TIPP is the “Transatlantic Trade and Investment Partnership” which is a new treaty being negotiated between the European Union and the US.
As onlinefocus reader Jason Richer has mentioned in comments, its not getting much coverage in the media.
For example, if you search the Daily Mail website , it has been mentioned exactly once (compared with over 1500 stories that mention Rihanna) And here’s their complete coverage:
BRUSSELS (AP) — President Barack Obama says some countries have legitimate questions about whether budding free trade deals will benefit them in the long-term.
But Obama is cautioning skeptics to wait to see what’s negotiated before jumping to conclusions.
Obama is speaking at a news conference with European Union leaders in Brussels. The United States and the EU are working on the Transatlantic Trade and Investment Partnership, which seeks to remove trade barriers between the 28-nation bloc..
Obama says some suspicions about the so-called TTIP have been unjustified. He says he’s fought his entire political career for consumer and environmental protections. He says he doesn’t intend to sign legislation that would weaken those protections.
And the good old Daily Express, which normally gets into a lather about any threat to UK sovereignty, has never mentioned it at all:
If you hunt around on the web , you can find some stuff on this. John Hilary , Executive Director of War on Want writes: writes:
…..The aim is to rush through the talks as swiftly as possible with no details entering the public domain, in the hope that they can be concluded before the peoples of Europe and the USA find out the true scale of the TTIP threat.
The main goal of TTIP is, by their own admission, to remove regulatory ‘barriers’ which restrict the potential profits to be made by transnational corporations on both sides of the Atlantic. Yet these ‘barriers’ are in reality some of our most prized social standards and environmental regulations, such as labour rights, food safety rules (including restrictions on GMOs), regulations on the use of toxic chemicals, digital privacy laws and even new banking safeguards introduced to prevent a repeat of the 2008 financial crisis. The stakes, in other words, could not be higher.
In addition to this deregulation agenda, TTIP also seeks to create new markets by opening up public services and government procurement contracts to competition from transnational corporations… Most worrying of all, TTIP seeks to grant foreign investors a new right to sue sovereign governments in front of ad hoc arbitration tribunals for loss of profits resulting from public policy decisions…
So some people on the left see this treaty as a way of driving a coach-and-horses through public safety regulations in Europe. And there is no doubt for example, that there are big differences in regulations on each side of the Atlantic. For example American eggs are currently illegal in a European supermarket, and vice versa. This article from Forbes magazine explains why:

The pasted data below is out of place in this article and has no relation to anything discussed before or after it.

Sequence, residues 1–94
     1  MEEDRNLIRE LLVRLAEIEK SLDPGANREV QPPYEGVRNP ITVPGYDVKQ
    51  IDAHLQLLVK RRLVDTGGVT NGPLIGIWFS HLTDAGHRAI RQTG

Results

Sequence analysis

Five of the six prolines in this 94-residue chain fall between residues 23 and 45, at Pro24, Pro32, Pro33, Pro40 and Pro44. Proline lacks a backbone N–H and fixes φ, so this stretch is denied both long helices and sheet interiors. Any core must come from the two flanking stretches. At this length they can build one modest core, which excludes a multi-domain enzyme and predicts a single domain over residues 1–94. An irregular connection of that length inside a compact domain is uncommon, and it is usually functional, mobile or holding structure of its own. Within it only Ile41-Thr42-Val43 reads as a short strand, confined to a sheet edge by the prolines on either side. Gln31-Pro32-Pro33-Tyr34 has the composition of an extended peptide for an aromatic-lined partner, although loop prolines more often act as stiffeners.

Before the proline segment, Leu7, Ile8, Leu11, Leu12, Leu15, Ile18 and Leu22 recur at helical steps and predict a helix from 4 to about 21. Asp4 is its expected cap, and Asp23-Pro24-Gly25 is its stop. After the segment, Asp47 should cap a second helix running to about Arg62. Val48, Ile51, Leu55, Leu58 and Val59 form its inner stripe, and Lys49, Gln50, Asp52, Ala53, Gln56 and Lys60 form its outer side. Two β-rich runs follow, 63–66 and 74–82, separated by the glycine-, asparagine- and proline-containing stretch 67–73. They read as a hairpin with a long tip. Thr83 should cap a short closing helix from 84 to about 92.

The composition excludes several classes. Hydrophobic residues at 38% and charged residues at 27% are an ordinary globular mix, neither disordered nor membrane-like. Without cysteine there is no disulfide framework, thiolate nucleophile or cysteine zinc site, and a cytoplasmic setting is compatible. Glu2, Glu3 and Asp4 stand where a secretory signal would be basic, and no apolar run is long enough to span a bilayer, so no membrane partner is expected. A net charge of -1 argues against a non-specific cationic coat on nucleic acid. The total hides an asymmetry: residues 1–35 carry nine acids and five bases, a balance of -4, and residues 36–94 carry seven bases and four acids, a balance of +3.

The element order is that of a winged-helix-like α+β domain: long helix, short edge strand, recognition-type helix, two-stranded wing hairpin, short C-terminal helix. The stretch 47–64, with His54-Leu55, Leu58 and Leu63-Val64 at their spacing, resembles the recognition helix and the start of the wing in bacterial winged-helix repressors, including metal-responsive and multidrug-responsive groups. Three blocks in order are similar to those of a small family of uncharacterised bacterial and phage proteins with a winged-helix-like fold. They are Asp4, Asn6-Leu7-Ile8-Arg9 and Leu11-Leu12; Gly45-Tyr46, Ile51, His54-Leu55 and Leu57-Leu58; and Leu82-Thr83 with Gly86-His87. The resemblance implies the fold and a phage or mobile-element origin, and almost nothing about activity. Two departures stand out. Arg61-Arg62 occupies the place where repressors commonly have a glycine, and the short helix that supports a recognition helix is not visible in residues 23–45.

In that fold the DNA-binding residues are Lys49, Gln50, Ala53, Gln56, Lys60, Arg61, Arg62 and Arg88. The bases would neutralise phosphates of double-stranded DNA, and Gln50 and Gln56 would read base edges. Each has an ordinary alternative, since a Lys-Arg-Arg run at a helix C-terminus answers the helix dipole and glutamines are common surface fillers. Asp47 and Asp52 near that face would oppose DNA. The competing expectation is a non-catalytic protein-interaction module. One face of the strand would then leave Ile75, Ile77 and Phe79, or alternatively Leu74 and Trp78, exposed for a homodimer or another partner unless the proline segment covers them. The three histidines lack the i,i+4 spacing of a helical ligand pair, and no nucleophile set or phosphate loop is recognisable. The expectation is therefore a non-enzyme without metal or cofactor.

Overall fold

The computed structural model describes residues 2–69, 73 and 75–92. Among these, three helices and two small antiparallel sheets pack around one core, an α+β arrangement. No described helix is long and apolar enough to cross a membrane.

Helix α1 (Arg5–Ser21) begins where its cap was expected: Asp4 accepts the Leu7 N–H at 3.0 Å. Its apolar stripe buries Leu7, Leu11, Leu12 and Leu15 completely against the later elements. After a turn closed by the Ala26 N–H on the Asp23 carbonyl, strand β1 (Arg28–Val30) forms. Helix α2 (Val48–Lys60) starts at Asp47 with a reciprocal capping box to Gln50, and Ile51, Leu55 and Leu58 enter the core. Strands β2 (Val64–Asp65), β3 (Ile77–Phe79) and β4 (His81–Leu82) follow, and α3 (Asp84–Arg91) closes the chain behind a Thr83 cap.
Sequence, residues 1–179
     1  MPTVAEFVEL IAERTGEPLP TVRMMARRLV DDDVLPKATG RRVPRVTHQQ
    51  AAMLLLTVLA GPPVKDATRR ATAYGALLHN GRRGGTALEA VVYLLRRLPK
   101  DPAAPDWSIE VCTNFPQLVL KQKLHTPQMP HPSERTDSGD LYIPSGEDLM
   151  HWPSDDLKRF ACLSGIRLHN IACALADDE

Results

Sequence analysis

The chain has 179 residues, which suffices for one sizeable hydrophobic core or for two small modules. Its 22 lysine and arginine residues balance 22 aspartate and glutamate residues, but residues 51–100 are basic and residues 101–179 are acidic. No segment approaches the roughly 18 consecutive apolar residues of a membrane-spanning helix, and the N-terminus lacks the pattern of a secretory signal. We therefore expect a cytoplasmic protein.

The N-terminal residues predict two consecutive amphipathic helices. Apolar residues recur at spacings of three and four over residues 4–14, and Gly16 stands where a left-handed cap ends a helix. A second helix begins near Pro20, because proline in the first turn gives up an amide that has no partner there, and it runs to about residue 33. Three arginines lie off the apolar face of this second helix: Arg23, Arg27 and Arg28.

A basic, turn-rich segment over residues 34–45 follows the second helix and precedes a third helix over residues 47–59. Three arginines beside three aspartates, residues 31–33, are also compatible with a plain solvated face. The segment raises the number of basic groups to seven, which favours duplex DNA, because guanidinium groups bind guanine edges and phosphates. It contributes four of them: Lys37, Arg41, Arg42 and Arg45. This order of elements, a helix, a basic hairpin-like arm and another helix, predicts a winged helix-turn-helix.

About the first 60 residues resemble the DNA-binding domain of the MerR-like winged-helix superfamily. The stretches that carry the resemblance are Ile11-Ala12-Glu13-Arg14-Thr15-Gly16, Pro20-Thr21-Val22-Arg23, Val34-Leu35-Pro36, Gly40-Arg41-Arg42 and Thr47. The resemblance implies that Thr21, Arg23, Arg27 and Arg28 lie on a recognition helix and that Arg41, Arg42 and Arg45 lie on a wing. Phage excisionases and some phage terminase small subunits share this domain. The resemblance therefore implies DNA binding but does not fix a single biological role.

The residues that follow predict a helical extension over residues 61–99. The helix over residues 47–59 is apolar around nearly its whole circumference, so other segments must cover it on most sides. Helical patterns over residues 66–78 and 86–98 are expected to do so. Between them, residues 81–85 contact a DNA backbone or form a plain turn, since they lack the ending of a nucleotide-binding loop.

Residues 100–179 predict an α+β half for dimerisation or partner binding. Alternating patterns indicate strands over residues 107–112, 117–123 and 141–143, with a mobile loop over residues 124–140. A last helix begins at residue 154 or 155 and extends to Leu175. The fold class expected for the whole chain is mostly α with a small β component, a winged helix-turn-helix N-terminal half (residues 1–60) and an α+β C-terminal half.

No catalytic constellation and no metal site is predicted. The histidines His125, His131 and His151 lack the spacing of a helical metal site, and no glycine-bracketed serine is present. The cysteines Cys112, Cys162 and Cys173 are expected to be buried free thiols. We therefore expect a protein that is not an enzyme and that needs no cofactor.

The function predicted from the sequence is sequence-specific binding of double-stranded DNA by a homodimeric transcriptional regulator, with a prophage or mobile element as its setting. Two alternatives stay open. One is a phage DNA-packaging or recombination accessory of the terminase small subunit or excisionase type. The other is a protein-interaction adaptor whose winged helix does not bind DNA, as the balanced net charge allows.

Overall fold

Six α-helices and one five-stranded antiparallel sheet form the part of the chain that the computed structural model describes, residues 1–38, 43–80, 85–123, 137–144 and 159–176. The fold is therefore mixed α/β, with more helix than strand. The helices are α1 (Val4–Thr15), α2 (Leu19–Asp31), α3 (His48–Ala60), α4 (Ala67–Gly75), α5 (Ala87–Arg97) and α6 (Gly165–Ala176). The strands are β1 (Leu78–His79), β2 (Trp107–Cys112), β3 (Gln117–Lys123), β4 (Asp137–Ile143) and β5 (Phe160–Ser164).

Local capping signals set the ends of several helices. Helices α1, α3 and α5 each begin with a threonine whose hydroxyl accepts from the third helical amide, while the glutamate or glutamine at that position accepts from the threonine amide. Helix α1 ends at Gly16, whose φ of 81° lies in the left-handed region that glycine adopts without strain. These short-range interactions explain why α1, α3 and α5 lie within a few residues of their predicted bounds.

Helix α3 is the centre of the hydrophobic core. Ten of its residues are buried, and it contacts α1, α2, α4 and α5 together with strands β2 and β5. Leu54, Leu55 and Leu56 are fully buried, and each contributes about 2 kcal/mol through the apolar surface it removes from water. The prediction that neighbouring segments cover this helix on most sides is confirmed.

Believe it or not, United States Department of Agriculture (USDA) graded eggs would be illegal if sold in the UK, or indeed anywhere in the European Union (EU). It’s all to do with the fact that commercial American eggs are federally required to be washed and sanitized before they reach the consumer. EU egg marketing laws, on the other hand, state that Class A eggs – those found on supermarkets shelves, must not be washed, or cleaned in any way.
“In Europe, the understanding is that this mandate actually encourages good husbandry on farms. It’s in the farmers’ best interests then to produce to cleanest eggs possible, as no one is going to buy their eggs if they’re dirty, ” explained Mark Williams, Chief Executive, British Egg Industry Council in a phone interview.
According to the USDA, despite how conscientious and thorough modern day farm-management practices might be, there will still be a small percentage of “dirty eggs” produced. Dirt almost always equates to chicken manure and, if the eggs are produced in a free-range system, other raw agricultural commodities that hens might pick up from roaming freely.
These differences may seem fairly harmless. But people may be much more concerned about meat – the US uses growth hormones and antibiotics in its livestock much more than the EU. And how would it affect laws about cigarettes?
What would the be impact be on our local area? Hard to say. Maybe American companies tendering for council contracts? Small businesses in our area finding it easy to export to the US ? Though maybe the deal won’t happen, as the Telegraph has reported here:
“In so far as a public TTIP debate exists, EU member states are losing it,” the report said. “There is…a risk that transatlantic trade is perceived as ‘sending stuff across the ocean’, and therefore not relevant to an ordinary household or small business.”
Sources close to the negotiations say the odds are still in favour of a TTIP deal getting done, but that there is only a one-in-three chance of that deal being as effective as once hoped.